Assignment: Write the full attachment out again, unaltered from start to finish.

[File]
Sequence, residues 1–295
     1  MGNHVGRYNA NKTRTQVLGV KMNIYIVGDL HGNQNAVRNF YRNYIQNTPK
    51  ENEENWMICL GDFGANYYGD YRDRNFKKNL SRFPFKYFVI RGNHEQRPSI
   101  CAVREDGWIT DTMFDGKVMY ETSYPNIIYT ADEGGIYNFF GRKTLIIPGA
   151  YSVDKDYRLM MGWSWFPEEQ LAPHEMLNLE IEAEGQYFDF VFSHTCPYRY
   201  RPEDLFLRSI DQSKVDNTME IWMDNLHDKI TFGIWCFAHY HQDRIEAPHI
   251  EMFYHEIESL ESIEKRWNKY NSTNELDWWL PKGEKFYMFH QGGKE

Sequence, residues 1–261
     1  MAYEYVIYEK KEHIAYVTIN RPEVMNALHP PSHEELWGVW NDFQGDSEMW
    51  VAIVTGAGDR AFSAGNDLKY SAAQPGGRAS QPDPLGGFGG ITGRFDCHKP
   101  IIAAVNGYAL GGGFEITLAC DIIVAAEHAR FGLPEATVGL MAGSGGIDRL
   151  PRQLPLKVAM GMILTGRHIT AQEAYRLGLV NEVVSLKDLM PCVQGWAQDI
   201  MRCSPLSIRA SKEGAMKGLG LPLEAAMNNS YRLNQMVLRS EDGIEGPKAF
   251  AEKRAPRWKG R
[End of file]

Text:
Sequence, residues 1–295
     1  MGNHVGRYNA NKTRTQVLGV KMNIYIVGDL HGNQNAVRNF YRNYIQNTPK
    51  ENEENWMICL GDFGANYYGD YRDRNFKKNL SRFPFKYFVI RGNHEQRPSI
   101  CAVREDGWIT DTMFDGKVMY ETSYPNIIYT ADEGGIYNFF GRKTLIIPGA
   151  YSVDKDYRLM MGWSWFPEEQ LAPHEMLNLE IEAEGQYFDF VFSHTCPYRY
   201  RPEDLFLRSI DQSKVDNTME IWMDNLHDKI TFGIWCFAHY HQDRIEAPHI
   251  EMFYHEIESL ESIEKRWNKY NSTNELDWWL PKGEKFYMFH QGGKE

Sequence, residues 1–261
     1  MAYEYVIYEK KEHIAYVTIN RPEVMNALHP PSHEELWGVW NDFQGDSEMW
    51  VAIVTGAGDR AFSAGNDLKY SAAQPGGRAS QPDPLGGFGG ITGRFDCHKP
   101  IIAAVNGYAL GGGFEITLAC DIIVAAEHAR FGLPEATVGL MAGSGGIDRL
   151  PRQLPLKVAM GMILTGRHIT AQEAYRLGLV NEVVSLKDLM PCVQGWAQDI
   201  MRCSPLSIRA SKEGAMKGLG LPLEAAMNNS YRLNQMVLRS EDGIEGPKAF
   251  AEKRAPRWKG R